“What good is it for a man to gain the whole world, yet forfeit his own soul?” Mark 6:36 NIV.
Everything ever needing to be done for your salvation was done on a cross by a Savior.
My thoughts and comments today ask a question, “essential or expendable?”
Life is filled with questions. Some arise from mere curiosity; some, however, are of eternal importance. There are many things you might like to know, but there are a few things about which you absolutely must be clear. Distinguishing between “want to know” and “need to know” is basic. Reading the Gospels, you notice that Jesus asked, and was asked, quite a lot of questions. Since my youth, I have pondered Jesus’ probing question, “What good is it for a man to gain the whole world, yet forfeit his own soul? Or what can a man give in exchange for his soul?” Mark 8:36-37 NIV.
In Jesus’ estimation, the vastly disproportionate value between the “whole world” and one’s “own soul” is no exaggeration at all; your soul is of eternal significance. And yet every day, people sell their soul for things of marginal value temporally and no value eternally. Linger over the word, “forfeit,” in Jesus’ question. I suggest such a forfeiture describes, “The voluntary surrender of something invaluable by deliberate choice or benign neglect.” Who would be so foolish as to regard the eternal so casually?
I think benign neglect is the more common and the least understandable. Little wonder that the Bible warns, “Therefore we must give the more earnest heed to the things we have heard, lest we drift away . . how shall we escape if we neglect so great a salvation . .” Hebrews 2:1-4 NKJV. Drifting, like neglect, is usually incremental, unnoticeable until time is past and opportunity lost.
In the matter of your soul, it is wise to distinguish what is essential from what is expendable. The account of Esau and Jacob, Abraham’s grandsons, is among the tragic stories of the Old Testament. Weary and driven by his appetite, Esau traded his birthright to Jacob, his brother, for an immediate and enticing bowl of stew. How impetuous; how shortsighted; how tragic; how irreversible. Read Genesis 25:27-34/27:1-38 NKJV.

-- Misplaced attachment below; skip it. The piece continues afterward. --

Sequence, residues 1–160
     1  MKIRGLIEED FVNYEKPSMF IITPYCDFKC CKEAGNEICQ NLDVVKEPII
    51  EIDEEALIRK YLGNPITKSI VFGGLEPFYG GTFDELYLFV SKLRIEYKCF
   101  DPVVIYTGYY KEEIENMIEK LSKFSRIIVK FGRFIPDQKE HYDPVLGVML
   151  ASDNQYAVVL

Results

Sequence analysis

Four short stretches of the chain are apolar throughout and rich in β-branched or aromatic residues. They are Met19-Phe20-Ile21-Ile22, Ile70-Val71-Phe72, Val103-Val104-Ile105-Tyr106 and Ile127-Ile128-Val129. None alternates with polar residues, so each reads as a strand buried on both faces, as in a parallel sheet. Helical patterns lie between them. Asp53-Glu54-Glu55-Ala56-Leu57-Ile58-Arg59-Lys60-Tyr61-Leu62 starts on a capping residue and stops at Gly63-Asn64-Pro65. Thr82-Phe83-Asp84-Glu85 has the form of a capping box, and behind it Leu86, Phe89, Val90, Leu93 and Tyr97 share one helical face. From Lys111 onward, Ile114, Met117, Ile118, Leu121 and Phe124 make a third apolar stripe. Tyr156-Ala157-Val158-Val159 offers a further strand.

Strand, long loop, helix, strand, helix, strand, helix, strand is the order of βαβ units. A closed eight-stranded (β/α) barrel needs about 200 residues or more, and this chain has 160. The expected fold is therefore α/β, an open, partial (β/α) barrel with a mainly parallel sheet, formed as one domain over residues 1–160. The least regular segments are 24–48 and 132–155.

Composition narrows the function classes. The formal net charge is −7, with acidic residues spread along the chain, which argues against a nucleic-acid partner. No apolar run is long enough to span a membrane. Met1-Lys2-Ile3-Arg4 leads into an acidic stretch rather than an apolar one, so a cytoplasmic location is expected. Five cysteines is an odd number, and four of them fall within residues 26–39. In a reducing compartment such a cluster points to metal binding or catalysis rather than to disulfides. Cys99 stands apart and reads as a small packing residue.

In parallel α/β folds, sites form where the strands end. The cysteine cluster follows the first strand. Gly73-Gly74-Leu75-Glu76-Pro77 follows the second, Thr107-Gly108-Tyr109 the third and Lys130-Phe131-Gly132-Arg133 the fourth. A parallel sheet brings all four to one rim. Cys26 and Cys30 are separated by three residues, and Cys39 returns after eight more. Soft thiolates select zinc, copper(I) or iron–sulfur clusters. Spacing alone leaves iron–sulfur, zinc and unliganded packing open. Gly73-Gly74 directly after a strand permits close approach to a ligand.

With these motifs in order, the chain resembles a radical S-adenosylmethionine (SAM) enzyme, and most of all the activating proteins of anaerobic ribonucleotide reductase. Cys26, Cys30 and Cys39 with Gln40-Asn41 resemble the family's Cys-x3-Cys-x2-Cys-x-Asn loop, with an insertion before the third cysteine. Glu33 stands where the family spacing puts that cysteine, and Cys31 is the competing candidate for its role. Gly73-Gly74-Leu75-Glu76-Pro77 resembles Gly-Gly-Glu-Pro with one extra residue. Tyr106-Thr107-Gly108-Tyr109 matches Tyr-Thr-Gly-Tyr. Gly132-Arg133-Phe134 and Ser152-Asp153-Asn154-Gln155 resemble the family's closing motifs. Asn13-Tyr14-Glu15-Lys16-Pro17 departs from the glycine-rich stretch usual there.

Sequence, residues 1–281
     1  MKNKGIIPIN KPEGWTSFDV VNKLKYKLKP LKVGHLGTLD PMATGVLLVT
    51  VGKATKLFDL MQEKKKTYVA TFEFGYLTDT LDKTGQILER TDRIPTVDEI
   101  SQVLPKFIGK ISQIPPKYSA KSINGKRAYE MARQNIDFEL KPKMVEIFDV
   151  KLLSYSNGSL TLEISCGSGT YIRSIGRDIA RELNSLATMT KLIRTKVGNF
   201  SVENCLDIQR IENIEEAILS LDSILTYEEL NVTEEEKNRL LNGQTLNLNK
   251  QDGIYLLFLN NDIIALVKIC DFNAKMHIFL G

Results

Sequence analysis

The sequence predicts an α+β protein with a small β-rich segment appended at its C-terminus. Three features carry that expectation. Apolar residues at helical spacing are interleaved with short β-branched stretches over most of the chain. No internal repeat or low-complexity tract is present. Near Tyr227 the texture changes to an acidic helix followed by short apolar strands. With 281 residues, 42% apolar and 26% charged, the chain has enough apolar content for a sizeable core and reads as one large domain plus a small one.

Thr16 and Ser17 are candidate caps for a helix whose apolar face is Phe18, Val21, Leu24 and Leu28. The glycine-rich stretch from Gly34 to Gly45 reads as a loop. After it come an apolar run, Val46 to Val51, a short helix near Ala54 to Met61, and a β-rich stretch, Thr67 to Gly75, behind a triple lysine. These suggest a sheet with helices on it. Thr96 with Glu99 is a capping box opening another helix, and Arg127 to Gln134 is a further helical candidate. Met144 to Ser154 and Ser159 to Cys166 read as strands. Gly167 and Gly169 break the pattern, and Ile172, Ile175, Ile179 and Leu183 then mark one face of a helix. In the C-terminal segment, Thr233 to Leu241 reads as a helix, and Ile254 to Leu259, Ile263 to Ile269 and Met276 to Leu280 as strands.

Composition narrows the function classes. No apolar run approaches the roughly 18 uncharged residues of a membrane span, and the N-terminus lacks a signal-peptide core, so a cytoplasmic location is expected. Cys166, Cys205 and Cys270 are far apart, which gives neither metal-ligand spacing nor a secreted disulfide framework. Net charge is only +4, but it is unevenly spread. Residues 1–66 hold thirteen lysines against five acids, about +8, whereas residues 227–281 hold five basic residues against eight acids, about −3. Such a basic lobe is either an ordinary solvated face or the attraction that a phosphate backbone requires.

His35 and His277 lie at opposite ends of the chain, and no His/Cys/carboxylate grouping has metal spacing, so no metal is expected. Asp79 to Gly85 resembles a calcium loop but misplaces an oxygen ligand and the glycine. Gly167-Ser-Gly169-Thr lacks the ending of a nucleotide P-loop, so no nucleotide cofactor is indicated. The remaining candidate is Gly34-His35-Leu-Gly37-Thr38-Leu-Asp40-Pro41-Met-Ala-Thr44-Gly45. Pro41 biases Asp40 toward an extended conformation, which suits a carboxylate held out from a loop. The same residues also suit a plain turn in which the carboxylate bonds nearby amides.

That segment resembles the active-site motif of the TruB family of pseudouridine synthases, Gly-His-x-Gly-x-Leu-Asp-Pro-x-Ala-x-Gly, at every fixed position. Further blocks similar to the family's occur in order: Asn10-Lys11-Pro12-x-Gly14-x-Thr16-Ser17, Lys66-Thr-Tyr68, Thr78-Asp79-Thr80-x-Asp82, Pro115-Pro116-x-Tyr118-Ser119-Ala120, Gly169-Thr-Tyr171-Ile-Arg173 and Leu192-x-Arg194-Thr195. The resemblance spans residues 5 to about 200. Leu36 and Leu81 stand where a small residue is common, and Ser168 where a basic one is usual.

Jim Elliott (1926-1957), a young missionary martyred by a savage Ecuadorian tribe, had written in his journal years earlier, “He is no fool who gives what he cannot keep to gain that which he cannot lose.” Your brief life and all you have, however valuable, pales in comparison to the immeasurable worth of your eternal soul and destiny of living forever with God. See 1 Tim 2:3-5 NIV.
The eternal question which must be asked and answered by each individual is, “What must I do to be saved?” Acts 16:30 NIV. There seem to be as many answers to that as there are religions. This is an area where opinion, however sincere, is just not enough. You need to know God’s Word. The Bible’s answer is, “’Believe in the Lord Jesus, and you will be saved – you and your household.’ Then they spoke the Word of the Lord to him and to all the others in his house . . he was filled with joy because he had come to believe in God – he and his whole family.” Acts 16:31-34 NIV.
Your own efforts only make salvation elusive – more about what you don’t do, or earned by your best, but futile, efforts such as: religion, good works, charitable deeds, and such like. God makes it this simple: “Everyone who calls on the name of the Lord will be saved.” Read Romans 10:9-13 NIV. Everything ever needing to be done for your salvation was done on a cross by a Savior. “But when the kindness and love of God our Savior appeared, He saved us, not because of righteous things we had done, but because of His mercy. He saved us . .” Titus 3:4-5 NIV. See also Ephesians 2:8-9 NIV.
My prayer for you today is that you trust in Jesus Christ alone for your salvation.